Friday, May 6, 2022

The Story Behind The Sweet Life


Suzanne Woods Fisher

A reader sent me an email after reading the first chapter of The Sweet Life. “I can’t imagine any mother,” she wrote, “having surgery for breast cancer without telling her daughter.”

Uh, well, that would be me.

After a routine mammogram discovered breast cancer, I made a decision to not tell my family until after the surgery. Hold your judgment! I had good reasons.

First of all, I found out I had cancer on Christmas Eve (such a bummer!), my mother-in-law had just passed away, my youngest son was bringing his sweetheart home for Christmas, and it was clear an engagement was pending, my youngest daughter’s mother-in-law was undergoing treatment for a brain tumor. Too much! It was all too much.

So, I chose to keep my news to myself. I did leave a “just in case something goes wrong” note for my four adult children. About a week after the surgery, I told them. Yes, they were mad at me. More mad than worried.

But that was okay. I hadn’t wanted anyone to worry about me. After all, I had a book to write! And thank God I did, because “The Sweet Life” became a wonderful escape during six long weeks of radiation. Cathartic, too. I wove the whole experience into Marnie Dixon’s story—though breast cancer wasn’t a major plot line. Still, what you’ll read came from firsthand experience. It’s a very personal story for me.

The Sweet Life is a novel about Marnie and her daughter, Dawn, both in need of a fresh start. Dawn’s fiancĂ©, Kevin, has just called off the wedding. And Marnie…well, you already know about her back story. The two women end up on Cape Cod and Marnie, being a smidge impulsive, makes a low ball offer on a rundown ice cream shop. To her surprise, and Dawn’s horror, the offer was accepted. Suddenly, they’re in the ice cream business. And Marnie has never made ice cream before. Not once.

To circle back to my story…I’m doing great! That’s the thing about cancer, especially the all-too-common diagnosis of breast cancer—catch it early! It’s so curable. A note to all women who might be reading this post: please schedule your annual mammogram. Keep that appointment. And if, like me, you do end up with a diagnosis you hadn’t expected, please feel free to email me for encouragement.

Suzanne Woods Fisher, with over 1.5 million copies sold, is a bestselling author of over 39 books, ranging from novels to children’s books to non-fiction. She is a Christy Award finalist, a winner of Carol and Selah awards, and a two-time finalist for ECPA Book of the Year. She writes stories that take you to places you’ve never visited—one with characters that seem like old friends. But most of all, her books give you something to think about long after you’ve finished reading them. Suzanne lives with her very big family in northern California.


  1. Suzanne, I fully understand your decision. I found a lump in January of this year. My mammogram was scheduled, so I didn't alert anyone. I went to the appointment and told the technician what I'd found She took the photos and I went home, expecting a phone call for further examination. It came. By this time, I had one friend in another state praying for me. At the second appointment, it was determined it was a calcified fibroid cyst, praise God. I will be watched for 2 years at 6-month intervals. The thing is, I may cry out loud on Facebook about the flu or a broken toe. But with this, I clammed up. It was between me and God. So yeah, I get it. Praise God, you're doing well.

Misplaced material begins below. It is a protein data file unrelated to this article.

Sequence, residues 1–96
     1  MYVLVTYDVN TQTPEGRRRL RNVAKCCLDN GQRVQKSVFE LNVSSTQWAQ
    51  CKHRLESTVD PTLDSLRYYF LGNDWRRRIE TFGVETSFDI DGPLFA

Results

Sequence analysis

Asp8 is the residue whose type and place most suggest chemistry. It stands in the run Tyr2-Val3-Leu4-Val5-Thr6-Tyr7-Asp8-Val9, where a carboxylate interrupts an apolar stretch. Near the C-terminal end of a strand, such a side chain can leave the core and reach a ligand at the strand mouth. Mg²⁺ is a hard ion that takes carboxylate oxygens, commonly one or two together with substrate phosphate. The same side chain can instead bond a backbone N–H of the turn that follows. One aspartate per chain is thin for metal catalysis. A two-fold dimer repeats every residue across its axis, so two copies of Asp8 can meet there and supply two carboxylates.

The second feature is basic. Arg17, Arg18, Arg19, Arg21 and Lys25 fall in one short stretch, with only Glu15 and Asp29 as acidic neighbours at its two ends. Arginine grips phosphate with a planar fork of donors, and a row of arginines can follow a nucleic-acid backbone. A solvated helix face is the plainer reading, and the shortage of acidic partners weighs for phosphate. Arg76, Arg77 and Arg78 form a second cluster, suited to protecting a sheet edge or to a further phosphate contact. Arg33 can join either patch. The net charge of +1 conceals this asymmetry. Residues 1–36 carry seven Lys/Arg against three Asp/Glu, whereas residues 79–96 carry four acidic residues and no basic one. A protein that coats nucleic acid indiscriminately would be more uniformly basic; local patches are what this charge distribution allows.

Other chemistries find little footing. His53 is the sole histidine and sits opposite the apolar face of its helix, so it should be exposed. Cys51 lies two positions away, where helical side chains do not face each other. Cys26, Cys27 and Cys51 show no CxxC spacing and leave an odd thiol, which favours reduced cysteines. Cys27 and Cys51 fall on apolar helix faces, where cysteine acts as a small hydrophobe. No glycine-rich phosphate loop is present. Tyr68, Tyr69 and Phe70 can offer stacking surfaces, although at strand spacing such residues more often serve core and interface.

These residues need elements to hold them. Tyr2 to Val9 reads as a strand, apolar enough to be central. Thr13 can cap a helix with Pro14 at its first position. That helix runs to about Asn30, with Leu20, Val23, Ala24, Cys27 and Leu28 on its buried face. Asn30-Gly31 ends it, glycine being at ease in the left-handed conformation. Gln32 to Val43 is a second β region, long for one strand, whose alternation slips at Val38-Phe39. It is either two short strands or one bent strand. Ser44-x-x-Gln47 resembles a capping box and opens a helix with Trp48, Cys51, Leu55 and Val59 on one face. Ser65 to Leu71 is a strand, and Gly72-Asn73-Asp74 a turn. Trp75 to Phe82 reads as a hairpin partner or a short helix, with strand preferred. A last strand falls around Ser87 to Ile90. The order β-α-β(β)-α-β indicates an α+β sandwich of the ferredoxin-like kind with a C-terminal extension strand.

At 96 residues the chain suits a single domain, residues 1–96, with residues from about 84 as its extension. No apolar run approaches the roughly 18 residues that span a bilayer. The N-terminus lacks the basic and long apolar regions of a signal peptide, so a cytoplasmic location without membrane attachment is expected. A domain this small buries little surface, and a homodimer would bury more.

2. This goes to show you we should never judge what someone else does. We don't know the full story. Blessings to you!

  3. l! I support you, praying things will stay gooD

  4. I completely understand your decision and motivation. In 2009, I was a deployed civilian worker in Iraq. Due to some mystery symptoms, I was airlifted to Baghdad. The docs there found a "mass" in my brain and flew me to Ramstein, Germany. The process took about a week. I told my best friend and asked her to pray for me. And to make sure that my daughter (8 months pregnant and my only living immediate family) didn't find out about it. My friend also volunteered to be the one to tell my daughter if something awful happened. The docs in Ramstein thought it was not a dangerous mass, but felt I should return to the states to have the mass dealt with. Yes, my daughter was upset with me for not telling her. The time it took for me to get home was almost two weeks. I knew it would take a long time and I knew my daughter tended to worry overmuch. What could she do for me? Much later she began to understand my reasoning and all is good now. It was hard going it by myself. However, I still stand by that decision and agree with your decision. And I got to meet Sarah Palin at Ramstein!

  5. I am so glad you are ok. I think I understand, sometimes it's easier to share after. Our kids are all so busy.

  6. I'll never forget when my mother told me she had breast cancer. I worried, prayed and thought about her all the time. Everyone has to make their own decisions and no one has the right to judge. Bless you.